Gadling gear review: Samsung Focus Windows phone

Remember when buying a cell phone was easy? You simply walked into a store, found a device that was the right size and price to fit your needs, bought it, and walked out the door. You usually didn’t have to buy another one until that phone died, and the thought of upgrading on an annual basis was nearly unheard of. The increase in demand for smartphones over the past few years, spurred on by the introduction of the iPhone and Android, has changed that landscape dramatically however, and now we seem more aware of new alternatives that can deliver the best mobile experience possible. One of those alternatives is the Samsung Focus, which runs Windows Phone 7 – Microsoft’s answer to Apple and Google’s mobile operating systems.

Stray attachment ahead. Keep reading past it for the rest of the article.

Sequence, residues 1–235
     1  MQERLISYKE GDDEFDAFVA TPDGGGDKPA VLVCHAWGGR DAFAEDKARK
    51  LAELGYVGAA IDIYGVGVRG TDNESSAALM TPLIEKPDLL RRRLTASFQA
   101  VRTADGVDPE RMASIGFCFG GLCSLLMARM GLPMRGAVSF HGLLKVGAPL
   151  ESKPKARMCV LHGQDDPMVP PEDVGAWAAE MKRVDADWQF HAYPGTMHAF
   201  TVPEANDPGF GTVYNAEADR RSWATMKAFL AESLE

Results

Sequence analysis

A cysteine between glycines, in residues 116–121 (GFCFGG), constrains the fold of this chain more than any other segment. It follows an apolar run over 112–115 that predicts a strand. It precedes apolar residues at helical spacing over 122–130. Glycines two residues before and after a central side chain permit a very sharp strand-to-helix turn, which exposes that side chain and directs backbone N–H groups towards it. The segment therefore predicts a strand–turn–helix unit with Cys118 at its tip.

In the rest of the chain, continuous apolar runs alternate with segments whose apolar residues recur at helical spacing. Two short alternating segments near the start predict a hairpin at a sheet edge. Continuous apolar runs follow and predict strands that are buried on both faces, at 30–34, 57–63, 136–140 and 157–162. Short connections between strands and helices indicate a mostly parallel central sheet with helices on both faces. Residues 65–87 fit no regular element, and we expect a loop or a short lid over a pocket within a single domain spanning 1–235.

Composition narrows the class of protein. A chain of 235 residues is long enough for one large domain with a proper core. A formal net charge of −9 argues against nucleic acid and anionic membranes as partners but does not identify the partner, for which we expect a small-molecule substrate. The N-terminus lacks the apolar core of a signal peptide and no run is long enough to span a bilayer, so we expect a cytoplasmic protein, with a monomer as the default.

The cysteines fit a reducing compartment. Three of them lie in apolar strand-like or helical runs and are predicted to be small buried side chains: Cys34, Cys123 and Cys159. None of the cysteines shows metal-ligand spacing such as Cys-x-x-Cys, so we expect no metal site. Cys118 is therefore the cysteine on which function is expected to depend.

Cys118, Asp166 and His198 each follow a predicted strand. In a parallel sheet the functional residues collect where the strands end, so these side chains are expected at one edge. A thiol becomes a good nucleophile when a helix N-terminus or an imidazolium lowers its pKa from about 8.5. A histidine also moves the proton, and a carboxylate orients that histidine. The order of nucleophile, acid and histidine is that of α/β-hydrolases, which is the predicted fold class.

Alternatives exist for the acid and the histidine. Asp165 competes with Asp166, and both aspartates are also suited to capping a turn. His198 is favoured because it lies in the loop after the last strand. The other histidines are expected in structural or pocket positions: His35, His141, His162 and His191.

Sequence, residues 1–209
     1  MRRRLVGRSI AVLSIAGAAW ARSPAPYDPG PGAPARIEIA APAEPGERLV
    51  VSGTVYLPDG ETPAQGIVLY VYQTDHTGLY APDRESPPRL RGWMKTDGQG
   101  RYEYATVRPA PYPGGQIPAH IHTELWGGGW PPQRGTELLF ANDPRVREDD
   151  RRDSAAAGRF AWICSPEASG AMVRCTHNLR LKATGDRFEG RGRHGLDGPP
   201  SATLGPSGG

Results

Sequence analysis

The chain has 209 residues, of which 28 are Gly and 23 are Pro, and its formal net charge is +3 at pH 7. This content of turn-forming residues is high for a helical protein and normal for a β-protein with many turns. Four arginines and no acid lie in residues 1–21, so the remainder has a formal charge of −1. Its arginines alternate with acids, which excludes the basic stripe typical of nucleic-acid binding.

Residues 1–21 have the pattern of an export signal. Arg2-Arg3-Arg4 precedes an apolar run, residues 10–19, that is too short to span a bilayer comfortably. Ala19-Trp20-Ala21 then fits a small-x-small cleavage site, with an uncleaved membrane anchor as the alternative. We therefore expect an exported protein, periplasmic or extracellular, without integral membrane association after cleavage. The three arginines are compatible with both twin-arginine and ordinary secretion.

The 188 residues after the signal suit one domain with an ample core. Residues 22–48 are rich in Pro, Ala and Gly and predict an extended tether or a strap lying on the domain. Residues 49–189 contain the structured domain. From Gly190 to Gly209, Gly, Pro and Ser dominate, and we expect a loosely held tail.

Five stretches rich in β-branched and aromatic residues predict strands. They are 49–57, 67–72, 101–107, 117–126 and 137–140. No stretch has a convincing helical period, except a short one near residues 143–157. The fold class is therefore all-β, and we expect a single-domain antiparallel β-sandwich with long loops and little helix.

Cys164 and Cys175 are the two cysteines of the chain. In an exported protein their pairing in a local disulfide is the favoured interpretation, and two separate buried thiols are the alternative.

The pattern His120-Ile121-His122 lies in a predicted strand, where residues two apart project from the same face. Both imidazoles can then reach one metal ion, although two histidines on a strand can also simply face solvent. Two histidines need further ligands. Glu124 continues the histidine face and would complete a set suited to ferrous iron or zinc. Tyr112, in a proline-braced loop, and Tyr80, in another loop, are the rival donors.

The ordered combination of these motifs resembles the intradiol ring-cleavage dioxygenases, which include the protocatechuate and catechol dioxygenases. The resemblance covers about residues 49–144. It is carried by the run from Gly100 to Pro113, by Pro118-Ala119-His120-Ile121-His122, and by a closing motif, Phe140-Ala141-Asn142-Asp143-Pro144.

From a hardware standpoint, the Focus hits all the right notes. Powered by a 1Ghz processor, the interface is responsive and snappy, which is important considering that Windows Phone does some very different things from the competition. The phone comes with 8GB of on board storage and a microSD card slot allows for quick and easy expansion. A 5 megapixel camera, with LED flash, takes excellent photos and video, which are displayed on a very crisp and detailed 4 inch Super AMOLED screen